New Delhi: Russian journalist Sergey Brilev got a taste of Prime Minister Narendra Modi’s astuteness when he put forward a question to the latter regarding the exclusive G7 club of rich and powerful nations.
When asked if Modi would attend a G10 summit – that includes the original G7 members plus Russia, India and China – the Indian PM said if the question had come from the G7, he would have answered and that responding to Brilev would be meaningless.
It all started with Brilev, Deputy Director of the Russian "Rossiya" TV Channel and anchor of the “News on Saturday with Sergey Brilev" asking Japanese PM Shinzo Abe if he could give some insight into the recently concluded G7 meeting in Biarritz where US President Donald Trump had spoken in favour of re-admitting Russia back into the exclusive club. Abe, who along with Modi, Malayasian PM Mahathir Mohammed and Mongolian President Khaltmaagiin Battulga was a guest speaker at the Fifth Eastern Economic Forum in Vladivostok, said that he could only give his views on the matter and not disclose what anyone else said.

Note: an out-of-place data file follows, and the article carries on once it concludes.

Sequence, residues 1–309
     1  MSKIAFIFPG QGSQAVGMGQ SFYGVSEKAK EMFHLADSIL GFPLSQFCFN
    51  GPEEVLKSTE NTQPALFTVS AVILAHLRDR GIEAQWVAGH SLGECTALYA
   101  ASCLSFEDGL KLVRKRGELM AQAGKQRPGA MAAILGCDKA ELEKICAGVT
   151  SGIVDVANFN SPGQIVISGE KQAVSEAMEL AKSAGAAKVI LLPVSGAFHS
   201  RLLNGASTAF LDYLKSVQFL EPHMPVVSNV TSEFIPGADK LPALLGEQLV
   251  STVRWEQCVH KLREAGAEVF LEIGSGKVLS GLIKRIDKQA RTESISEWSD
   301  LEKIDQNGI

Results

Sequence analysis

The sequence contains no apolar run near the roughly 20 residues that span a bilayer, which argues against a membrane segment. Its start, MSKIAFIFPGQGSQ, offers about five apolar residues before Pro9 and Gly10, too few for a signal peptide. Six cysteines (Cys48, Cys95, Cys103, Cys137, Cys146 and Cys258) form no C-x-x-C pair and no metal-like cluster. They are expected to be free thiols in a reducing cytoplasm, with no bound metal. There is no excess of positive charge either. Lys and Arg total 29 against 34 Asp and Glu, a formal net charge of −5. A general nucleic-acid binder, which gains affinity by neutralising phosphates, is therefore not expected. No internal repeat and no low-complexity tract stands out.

Brilev then asked Russian president Vladimir Putin if he would go to the G7 meet hosted by the US. Putin responded saying that there was an invitation for all the G7 countries to come to Sochi for a summit. He then added: “(French) President (Emannuel) Macron has said that Western leadership is over (in the context of international institutions). I cant imagine an effective international organisation that works without India and China."
Then Brilev turned to Modi with the question of whether he would go to such a G10 meeting.
In his response, Modi said: “It is true that in principle we support a multi-polar world and countries with similar and like minded views come together at various international fora. And they talk about various global issues. So each of these forums has its own importance."
He noted that India had been invited to attend the recent G7 meet in Biarritz as an observer, which India did.
“If this question had come to me from the G7 forum that whether I would like to be part of this, then it would be appropriate to answer. My saying “yes" or “no" to your question has no meaning," he added.